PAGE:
I’m not being entirely fair I think. The war scenes are visceral and violent; like much of the anime in the Gundam tradition, this is an unflinching look at war. There is very little glory here, just death and pain. Broken Blade is a fairly dark series, with little fun or sunshine to ease the tension. On the other hand, I would prefer to not yell at the screen, “CAN YOU PLEASE JUST STOP FEELING FOR A SECOND? I’M GETTING A HEADACHE FROM THE EMOTING!” If I were fourteen, maybe this would be about right. Hard to say. At least people die here, even if the deaths are telegraphed pretty clearly. No Storm Troopers and their legendary blaster accuracy in this movie.
Speaking of being fourteen, I’m still trying to puzzle out the messages about women here. There are almost as many women in the robots as men. In fact, some of the strongest warriors are women. And then there is Sigyn, who is clearly the smartest person in the room and the only reason Krisna isn’t completely flattened by the more powerful Athens. At the same time, the women in this world have strangely massive and buoyant chests. All of them. Do I really need to say that the fan service is exceedingly awkward? I should hope that’s a given by now. And finally, a little bit of my soul died when one character said to another, “Even if you have giant boobs, you’re still only twelve, so stop acting so old!” Japan, just between me and you, I’m not sure what you’re trying to accomplish, but this whole pederasty thing just makes you look creepy. Also, breathe through your nose sometimes, too.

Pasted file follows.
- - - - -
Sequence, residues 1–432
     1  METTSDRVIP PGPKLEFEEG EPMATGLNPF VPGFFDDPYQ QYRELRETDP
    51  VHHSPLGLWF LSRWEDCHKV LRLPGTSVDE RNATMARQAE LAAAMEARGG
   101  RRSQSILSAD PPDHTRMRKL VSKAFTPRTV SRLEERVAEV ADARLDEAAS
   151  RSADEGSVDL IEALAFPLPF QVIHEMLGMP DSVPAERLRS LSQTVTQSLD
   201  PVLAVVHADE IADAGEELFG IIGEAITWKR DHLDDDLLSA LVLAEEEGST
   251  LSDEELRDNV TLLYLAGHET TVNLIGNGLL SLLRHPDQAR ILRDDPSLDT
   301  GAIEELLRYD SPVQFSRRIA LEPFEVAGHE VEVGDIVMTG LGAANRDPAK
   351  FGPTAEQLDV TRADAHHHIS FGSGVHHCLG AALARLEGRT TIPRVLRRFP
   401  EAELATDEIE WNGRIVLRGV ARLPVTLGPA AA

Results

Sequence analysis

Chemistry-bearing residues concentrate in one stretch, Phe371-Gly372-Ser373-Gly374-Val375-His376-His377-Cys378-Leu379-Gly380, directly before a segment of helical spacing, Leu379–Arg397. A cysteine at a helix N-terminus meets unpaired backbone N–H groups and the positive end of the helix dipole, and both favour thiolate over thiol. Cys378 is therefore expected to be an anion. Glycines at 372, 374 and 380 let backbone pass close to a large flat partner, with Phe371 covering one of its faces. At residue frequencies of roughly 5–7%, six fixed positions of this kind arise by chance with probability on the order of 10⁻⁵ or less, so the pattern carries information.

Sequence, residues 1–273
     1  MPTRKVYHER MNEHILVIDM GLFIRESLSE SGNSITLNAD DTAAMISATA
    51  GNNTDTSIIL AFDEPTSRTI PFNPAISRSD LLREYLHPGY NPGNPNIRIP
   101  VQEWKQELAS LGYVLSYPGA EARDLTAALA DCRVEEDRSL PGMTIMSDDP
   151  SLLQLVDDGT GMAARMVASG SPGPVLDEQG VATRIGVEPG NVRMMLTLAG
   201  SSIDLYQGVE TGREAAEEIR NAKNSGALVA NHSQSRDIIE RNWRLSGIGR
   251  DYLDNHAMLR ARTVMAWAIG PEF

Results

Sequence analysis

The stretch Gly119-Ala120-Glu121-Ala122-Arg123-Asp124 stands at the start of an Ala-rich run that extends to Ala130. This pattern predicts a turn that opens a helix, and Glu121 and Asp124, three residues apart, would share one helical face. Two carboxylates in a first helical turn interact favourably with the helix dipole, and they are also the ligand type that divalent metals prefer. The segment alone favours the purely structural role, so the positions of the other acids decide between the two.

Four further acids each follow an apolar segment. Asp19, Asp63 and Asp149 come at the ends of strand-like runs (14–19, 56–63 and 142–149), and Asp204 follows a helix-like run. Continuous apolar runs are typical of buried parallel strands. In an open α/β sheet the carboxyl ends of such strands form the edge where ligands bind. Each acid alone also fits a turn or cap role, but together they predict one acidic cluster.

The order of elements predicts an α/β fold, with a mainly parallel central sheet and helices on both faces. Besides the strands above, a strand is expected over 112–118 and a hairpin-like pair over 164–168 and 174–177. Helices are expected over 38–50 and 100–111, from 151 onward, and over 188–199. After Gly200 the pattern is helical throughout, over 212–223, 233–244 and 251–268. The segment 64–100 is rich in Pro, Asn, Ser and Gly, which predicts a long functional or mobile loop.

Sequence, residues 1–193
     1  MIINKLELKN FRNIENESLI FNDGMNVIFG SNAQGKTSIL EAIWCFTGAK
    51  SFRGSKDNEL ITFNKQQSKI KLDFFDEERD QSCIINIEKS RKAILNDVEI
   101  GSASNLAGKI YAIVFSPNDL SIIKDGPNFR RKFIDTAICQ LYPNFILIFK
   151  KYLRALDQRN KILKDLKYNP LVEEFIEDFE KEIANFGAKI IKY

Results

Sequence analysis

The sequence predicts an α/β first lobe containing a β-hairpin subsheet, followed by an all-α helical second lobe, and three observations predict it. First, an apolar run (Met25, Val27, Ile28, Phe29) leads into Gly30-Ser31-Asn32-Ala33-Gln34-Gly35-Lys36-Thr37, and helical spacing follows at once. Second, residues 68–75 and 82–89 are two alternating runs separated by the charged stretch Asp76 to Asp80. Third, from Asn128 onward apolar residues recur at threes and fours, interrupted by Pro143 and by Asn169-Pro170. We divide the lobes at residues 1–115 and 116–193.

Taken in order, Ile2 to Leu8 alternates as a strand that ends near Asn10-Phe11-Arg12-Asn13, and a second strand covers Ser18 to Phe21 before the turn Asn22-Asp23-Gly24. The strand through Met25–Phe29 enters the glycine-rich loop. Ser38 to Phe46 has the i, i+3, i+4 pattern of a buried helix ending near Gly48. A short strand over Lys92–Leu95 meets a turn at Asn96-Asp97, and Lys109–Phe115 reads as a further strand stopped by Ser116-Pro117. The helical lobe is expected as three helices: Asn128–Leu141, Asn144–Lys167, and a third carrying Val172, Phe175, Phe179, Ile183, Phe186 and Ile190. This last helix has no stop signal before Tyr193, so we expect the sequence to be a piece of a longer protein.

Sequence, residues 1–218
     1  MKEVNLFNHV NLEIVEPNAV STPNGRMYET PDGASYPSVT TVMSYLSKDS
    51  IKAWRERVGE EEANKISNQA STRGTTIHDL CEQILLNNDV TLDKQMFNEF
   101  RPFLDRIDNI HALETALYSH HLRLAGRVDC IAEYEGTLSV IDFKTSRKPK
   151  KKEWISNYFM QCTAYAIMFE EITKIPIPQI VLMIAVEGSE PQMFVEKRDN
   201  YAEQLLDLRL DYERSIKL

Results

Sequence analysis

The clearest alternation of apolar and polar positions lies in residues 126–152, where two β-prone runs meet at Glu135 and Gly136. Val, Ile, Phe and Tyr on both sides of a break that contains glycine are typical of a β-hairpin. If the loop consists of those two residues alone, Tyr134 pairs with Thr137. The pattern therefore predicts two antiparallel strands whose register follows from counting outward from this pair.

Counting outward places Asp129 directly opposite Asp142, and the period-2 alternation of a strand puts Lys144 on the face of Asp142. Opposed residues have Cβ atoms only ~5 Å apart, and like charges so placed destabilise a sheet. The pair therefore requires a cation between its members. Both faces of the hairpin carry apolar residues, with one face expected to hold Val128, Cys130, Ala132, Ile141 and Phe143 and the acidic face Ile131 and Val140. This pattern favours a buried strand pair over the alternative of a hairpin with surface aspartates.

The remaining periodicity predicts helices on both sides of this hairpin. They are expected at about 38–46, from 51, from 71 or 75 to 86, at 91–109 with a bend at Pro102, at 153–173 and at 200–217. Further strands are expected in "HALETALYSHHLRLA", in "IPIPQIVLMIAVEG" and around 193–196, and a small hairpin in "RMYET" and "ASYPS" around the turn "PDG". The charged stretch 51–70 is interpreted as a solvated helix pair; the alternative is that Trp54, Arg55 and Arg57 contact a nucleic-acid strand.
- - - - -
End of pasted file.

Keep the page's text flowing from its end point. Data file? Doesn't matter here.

So, yeah. Two steps forward, one step back, ladies.
How to sum up? The production values here are fantastic – clearly they had a budget to work with. The art and music are both top notch, to my uneducated eye. (I wouldn’t buy the soundtrack necessarily, but it was very functional and professionally done.) If someone were to ask me where to start with Giant Fighting Robots, I probably wouldn’t start them here. I suspect that Broken Blade is better appreciated by those who will spot the tropes and enjoy the tweaks. Still, it’s a decent enough story, with just enough in the tank to give the appearance of being smart. The emotions are a bit overwrought and it certainly has its flaws, but everything holds together. While I doubt it will be remembered decades later as a masterpiece, neither is it an unworthy addition to the mecha canon.